Typically, a standard home insurance policy includes sufficient dwelling coverage to completely rebuild the house. The industry refers to this value as the home’s replacement cost. The insurance company may use several factors to determine the replacement cost, such as the home’s market value or purchase price. Replacement cost doesn’t deduct value for depreciation, but should reflect the cost to rebuild using similar materials.
The North Carolina Department of Insurance recommends carrying dwelling coverage equal to at least 80% of the replacement cost. In some cases, an insurer may write a policy for 100% of replacement cost. But keep in mind that a standard home insurance policy will only pay up to its limit.
Don’t forget to adjust your dwelling coverage limit when you make home improvements that increase the value of your home.
Common factors that can impact rebuilding costs include:
- Square footage
- Style of home
- Number of rooms and bathrooms
- Type of construction, such as wood frame or masonry
- Type of roof materials
- Special features, such as trim and fireplaces
- Custom features
- Attached and unattached structures
- Local construction costs
Optional Rebuild Coverages
To avoid undue out-of-pocket costs, purchase an extended replacement cost policy, which typically pays up to 25% to 50% more than your dwelling coverage limit.
Homes not up to current building codes also cost more to rebuild. If you own an older home that is not up to code, consider adding an ordinance or law rider to your homeowners policy. This type of coverage helps pay the extra cost of bringing the home up to code following a covered loss.
Recommended Personal Property Coverage Amounts
To determine how much personal property coverage you need, take a thorough inventory of your home’s contents and calculate how much it would take to replace each item. Most standard home insurance policies pay actual cash value for personal property losses, which deducts for depreciation. For instance, if you buy a TV for $1,000 and it is destroyed in a fire three years later, the insurance company would likely only pay a few hundred dollars.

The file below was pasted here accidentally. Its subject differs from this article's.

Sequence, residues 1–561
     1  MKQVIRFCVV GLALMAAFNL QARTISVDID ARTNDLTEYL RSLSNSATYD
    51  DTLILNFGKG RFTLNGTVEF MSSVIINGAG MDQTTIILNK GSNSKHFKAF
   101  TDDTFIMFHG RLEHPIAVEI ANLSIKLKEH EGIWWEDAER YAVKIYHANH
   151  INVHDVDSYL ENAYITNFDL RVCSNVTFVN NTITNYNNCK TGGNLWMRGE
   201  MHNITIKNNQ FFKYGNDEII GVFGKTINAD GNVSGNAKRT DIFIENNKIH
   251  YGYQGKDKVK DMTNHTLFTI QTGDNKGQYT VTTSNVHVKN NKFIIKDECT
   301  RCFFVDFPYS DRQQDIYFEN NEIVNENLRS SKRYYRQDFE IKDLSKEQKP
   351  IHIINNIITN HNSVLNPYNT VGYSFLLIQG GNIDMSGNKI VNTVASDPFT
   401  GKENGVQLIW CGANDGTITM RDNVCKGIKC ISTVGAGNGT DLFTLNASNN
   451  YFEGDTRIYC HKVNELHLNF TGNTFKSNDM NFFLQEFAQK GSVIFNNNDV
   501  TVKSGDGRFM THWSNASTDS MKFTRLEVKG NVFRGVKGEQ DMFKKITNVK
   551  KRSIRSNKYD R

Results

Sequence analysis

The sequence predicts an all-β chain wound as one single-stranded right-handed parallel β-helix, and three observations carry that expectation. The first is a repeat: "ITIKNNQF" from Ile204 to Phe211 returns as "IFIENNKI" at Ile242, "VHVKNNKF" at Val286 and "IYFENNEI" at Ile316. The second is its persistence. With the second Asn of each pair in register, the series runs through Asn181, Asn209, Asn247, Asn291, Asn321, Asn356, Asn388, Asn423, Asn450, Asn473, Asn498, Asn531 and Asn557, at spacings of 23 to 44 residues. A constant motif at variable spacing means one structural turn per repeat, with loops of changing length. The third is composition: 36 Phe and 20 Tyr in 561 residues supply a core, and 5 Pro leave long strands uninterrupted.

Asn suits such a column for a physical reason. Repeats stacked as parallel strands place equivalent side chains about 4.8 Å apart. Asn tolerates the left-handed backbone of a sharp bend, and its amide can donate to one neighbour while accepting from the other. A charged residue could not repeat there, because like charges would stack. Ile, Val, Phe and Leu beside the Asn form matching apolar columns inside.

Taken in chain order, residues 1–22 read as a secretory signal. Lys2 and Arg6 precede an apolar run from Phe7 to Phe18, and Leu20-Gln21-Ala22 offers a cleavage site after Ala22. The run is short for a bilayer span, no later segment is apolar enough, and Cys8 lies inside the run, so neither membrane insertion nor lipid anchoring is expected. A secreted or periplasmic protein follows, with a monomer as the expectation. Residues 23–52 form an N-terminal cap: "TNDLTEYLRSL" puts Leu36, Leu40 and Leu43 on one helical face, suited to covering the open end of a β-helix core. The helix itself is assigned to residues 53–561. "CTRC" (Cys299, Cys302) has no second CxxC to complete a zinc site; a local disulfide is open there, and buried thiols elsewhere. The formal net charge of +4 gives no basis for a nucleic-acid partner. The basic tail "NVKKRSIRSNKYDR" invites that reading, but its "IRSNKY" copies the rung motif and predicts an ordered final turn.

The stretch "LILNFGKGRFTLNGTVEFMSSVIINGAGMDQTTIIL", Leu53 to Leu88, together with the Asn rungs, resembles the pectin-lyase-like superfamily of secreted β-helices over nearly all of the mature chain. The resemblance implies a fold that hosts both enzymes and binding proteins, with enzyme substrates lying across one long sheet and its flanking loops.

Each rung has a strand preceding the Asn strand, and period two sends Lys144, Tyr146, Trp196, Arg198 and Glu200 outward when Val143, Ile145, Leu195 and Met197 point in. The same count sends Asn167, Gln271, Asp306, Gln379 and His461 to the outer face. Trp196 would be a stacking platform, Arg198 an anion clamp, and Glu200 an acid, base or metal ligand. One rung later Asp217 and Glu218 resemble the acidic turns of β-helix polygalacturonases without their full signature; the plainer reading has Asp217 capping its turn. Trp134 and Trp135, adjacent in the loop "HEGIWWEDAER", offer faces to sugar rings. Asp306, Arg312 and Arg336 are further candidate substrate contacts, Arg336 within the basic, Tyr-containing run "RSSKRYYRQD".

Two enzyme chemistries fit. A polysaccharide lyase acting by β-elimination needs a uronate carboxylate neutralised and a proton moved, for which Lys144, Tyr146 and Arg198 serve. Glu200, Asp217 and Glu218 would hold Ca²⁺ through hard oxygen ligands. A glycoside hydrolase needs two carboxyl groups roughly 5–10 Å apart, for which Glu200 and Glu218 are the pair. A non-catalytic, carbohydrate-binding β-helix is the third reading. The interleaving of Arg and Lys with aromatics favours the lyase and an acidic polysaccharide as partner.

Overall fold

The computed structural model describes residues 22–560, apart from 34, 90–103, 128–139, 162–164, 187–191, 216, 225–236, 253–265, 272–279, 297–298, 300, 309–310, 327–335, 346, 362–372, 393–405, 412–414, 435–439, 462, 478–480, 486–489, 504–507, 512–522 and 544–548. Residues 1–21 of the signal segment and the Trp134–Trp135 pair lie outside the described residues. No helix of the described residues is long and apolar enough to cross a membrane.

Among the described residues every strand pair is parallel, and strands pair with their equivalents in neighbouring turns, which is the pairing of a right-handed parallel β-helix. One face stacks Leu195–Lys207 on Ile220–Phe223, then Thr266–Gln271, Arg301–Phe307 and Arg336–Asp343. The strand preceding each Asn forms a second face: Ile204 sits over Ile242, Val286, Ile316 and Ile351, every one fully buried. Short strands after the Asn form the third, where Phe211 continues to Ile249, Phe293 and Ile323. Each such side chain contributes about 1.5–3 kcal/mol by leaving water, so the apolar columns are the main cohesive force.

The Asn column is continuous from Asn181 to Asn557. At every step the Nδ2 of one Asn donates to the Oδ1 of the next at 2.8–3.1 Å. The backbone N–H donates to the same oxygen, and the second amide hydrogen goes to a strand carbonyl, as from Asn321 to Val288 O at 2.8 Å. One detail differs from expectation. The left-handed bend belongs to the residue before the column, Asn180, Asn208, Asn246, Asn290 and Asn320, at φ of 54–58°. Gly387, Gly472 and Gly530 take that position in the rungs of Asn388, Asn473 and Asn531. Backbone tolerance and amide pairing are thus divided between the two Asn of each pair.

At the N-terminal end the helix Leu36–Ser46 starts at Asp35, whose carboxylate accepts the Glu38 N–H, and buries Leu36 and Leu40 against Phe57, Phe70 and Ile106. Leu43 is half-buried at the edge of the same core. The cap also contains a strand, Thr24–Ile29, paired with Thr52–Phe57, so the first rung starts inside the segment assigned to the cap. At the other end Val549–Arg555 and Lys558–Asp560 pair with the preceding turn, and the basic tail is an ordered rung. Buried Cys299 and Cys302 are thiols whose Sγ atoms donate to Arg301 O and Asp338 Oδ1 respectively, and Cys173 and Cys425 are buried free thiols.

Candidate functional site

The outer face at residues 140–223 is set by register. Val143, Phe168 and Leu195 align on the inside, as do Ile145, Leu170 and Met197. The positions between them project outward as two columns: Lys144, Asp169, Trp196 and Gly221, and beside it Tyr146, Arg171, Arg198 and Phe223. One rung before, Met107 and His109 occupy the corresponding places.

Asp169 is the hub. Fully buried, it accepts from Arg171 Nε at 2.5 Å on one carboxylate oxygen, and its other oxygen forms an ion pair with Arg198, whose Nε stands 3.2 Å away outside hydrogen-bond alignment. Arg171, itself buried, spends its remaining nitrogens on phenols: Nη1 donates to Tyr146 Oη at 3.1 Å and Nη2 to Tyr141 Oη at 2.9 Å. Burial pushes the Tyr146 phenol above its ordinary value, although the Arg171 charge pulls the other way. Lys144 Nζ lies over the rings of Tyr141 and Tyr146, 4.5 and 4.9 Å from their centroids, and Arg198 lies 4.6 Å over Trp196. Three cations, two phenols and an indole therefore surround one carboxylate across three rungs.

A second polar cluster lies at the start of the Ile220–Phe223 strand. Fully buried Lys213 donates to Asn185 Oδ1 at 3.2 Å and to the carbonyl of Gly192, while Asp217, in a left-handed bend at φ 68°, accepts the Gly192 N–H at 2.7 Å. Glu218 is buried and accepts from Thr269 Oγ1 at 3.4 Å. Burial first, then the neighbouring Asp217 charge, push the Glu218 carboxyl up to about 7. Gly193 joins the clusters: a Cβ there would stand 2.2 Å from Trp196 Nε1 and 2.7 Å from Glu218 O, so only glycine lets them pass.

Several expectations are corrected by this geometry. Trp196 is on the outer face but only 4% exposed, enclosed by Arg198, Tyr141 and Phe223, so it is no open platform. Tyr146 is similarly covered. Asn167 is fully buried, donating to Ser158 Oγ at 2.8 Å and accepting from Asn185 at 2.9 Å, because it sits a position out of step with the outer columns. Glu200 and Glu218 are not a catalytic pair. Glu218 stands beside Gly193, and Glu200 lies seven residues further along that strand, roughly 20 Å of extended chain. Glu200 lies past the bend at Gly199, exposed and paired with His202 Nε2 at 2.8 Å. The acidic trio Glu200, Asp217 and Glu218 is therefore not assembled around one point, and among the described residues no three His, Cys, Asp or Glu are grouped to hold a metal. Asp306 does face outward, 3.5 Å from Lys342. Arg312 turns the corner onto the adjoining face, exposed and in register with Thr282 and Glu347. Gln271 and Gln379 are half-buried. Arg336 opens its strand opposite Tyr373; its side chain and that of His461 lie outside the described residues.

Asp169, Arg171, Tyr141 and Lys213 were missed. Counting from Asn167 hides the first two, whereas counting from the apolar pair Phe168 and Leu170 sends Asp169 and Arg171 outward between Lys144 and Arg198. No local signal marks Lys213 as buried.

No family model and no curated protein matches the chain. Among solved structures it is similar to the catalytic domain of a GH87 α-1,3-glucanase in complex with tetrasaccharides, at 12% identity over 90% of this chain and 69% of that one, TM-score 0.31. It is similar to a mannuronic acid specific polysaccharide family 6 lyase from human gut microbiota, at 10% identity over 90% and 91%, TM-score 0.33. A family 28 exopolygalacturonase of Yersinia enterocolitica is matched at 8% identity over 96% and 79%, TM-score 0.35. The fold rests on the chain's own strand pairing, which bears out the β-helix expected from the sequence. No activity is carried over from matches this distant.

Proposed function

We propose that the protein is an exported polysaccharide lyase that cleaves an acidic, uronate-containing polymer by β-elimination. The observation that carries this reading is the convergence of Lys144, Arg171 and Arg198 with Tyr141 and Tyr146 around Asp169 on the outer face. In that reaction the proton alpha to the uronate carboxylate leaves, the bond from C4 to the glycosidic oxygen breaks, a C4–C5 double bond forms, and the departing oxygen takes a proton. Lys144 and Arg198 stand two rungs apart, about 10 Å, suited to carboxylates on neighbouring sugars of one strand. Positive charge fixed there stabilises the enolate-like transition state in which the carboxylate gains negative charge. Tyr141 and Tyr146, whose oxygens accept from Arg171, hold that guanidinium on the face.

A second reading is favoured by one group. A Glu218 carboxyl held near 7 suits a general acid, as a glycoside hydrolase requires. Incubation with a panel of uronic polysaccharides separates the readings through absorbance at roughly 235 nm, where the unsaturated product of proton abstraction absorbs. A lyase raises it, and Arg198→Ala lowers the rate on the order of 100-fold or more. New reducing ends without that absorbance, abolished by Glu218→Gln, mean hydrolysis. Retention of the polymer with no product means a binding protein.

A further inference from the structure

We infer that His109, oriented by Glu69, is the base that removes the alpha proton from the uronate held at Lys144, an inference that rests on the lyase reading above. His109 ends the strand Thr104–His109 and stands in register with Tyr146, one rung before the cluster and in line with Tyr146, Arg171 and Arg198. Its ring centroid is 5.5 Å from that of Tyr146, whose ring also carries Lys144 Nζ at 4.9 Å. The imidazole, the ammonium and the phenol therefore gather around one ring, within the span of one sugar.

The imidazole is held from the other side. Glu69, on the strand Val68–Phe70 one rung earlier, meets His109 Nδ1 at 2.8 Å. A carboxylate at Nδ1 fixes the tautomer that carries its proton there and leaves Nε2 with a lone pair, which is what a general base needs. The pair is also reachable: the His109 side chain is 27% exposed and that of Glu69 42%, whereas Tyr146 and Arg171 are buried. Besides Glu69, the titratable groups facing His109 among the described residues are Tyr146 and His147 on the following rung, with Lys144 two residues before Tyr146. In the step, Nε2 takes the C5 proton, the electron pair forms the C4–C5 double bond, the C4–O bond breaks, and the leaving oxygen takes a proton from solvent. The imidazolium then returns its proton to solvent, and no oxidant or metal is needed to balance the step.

Replacement cost coverage pays the amount needed to replace your belongings with comparable items at current market prices. A few providers offer replacement cost coverage in their standard policies; others provide replacement cost riders.
Insurance carriers typically calculate replacement cost coverage as 50% to 70% of your dwelling coverage. Depending on the type of possessions you own, you might need more coverage.
Insurers often set claims limits on certain types of property, such as sterling silver, jewelry, fur, money, firearms and stamps.
Homeowners with high-value specialty items such as jewelry, cameras, or fine art should purchase additional coverage. Some providers offer valuable-items coverage, which you can often add as an endorsement to your standard home insurance policy. Some valuable items endorsements require you to name the specific item or collection of items you want to cover, while others cover different types of belongings up to specified limits, without requiring you to itemize.
Recommended Liability Coverage Amounts
Typically, standard homeowners policies set liability coverage limits at $300,000 to $500,000, but some set as low as $100,000. Personal liability coverage is designed to protect your assets if you are sued due to bodily injuries or damage to property for which you are liable. The coverage extends to everyone in your household, as well as pets, and can help cover lawsuits, including court costs and damages. Typically, you should carry liability coverage equal to or exceeding your assets, including investments and properties.
As with other types of coverages, personal liability coverage excludes certain types of claims. While the coverage might cover incidents stemming from certain types of negligence, some don’t cover business-related incidents. Liability coverage won’t cover lawsuits related to intentional acts. For instance, your liability coverage should cover the cost of glass replacement if your lawnmower throws a rock through your neighbor’s windshield, but it won’t cover the damage if you get angry and intentionally break the windshield.